South Africans who continue to ignore the COVID-19 vaccine have been warned to brace themselves for the worst. This emerged during a webinar debate ahead of the Vooma Vaccination weekend campaign, in a bid to mitigate vaccine hesitancy and encourage the uptake of the vaccine.

Over 13 million people have been fully vaccinated and four million others have received one dose of the Pfizer vaccine.

Experts predict the country might experience the 4th Wave of the pandemic towards the end of December and the beginning of January.

About 90 000 people have succumbed to the pandemic since March last year.

Health expert Dr David Harrison has warned South Africans about the importance of taking COVID vaccine before the start of the 4th Wave.

“We can crash the power of the 4th Wave if in fact we can get to vaccinate all the people who may get to be admitted to hospital and die. And if we can do that there’s going to be far less grief and grieving in our country. And that’s gonna be far less rational for closing up our economy. So, that should be our priority,” says Harrison.

COVID-19 Pandemic | Mitigating vaccine hesitancy in South Africa – webinar

Traditional leaders are urged to play their role to encourage rural communities to vaccinate in order to help minimize the spread of the virus. Chief of the Matsila Tribe in Limpopo, Livhuwani Matsila has urged communities to get vaccinated to protect themselves against COVID-19. He says there’s nothing to fear for, as vaccination is not a new thing.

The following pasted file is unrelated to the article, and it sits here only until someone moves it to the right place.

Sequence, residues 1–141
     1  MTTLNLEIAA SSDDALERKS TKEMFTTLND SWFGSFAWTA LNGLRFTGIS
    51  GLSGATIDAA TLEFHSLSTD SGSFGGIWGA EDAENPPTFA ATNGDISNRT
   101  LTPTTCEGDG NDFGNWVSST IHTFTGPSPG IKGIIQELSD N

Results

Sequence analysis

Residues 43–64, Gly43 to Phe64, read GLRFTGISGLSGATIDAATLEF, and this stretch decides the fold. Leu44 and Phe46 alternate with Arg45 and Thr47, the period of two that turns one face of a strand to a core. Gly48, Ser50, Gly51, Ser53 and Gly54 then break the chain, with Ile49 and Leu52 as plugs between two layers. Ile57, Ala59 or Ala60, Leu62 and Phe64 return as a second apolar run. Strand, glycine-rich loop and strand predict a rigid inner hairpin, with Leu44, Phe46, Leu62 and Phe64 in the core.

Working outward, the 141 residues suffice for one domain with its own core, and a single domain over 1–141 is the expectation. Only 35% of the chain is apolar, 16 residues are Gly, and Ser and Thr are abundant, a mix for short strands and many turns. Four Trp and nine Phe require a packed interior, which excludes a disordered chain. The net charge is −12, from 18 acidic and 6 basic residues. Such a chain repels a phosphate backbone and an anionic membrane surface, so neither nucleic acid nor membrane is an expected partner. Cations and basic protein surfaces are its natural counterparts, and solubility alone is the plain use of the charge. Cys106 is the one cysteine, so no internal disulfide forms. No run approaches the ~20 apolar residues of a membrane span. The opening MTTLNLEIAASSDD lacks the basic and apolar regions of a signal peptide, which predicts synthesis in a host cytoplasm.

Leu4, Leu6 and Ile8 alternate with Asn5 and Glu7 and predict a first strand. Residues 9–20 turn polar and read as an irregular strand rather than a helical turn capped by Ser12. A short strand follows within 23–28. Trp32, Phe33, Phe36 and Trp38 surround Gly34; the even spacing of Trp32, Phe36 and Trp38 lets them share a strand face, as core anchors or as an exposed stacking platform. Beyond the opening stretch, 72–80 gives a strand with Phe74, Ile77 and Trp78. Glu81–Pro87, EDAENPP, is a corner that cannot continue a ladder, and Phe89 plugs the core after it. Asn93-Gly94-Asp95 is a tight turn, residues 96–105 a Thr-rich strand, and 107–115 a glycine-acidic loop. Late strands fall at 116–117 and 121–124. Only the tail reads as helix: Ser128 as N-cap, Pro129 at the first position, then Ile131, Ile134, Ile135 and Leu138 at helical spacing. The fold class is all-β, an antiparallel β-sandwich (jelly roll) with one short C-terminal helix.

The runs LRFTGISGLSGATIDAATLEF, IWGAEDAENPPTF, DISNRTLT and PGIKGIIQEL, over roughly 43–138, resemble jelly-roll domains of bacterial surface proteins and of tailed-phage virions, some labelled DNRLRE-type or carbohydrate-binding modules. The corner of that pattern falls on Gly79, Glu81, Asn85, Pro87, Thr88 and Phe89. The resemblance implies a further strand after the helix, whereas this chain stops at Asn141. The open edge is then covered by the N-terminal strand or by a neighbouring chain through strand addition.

“So, this is really a continuation. This is just a vaccination against all sorts of fevers. Because if you go overseas it is also mandatory. Those are the issues that we need to be talking about. Assuring people that there’s nothing to be worried about with this vaccination program. It’s one of the many programs that are there to protect human lives. And the issue is that of ‘compulsory’, whether it will be introduced or and what will be our views around it,” says Matsila.

Head of Moral Regeneration Movement, Father Smangaliso Mkhatshwa has warned against persistent ignorance and misleading information about the pandemic. He says these are some of the contributory factors discouraging people from taking the vaccine.

“The ignorance that surrounds COVID-19, as you can expect obviously; one, lots of people are afraid. And they also heard very negative stories about the effects of the injection against COVID-19 and so on. So, one of the important things we need to intensify is really to fight ignorance and those effective ways of doing so are to ensure that we communicate as effectively as possible,” says Mkhatshwa.

The Vooma Vaccination Campaign is aimed at getting over 400 000 people vaccinated every weekend. Over 200 vaccine sites will be accessible for members of the public who wish to vaccinate across the country.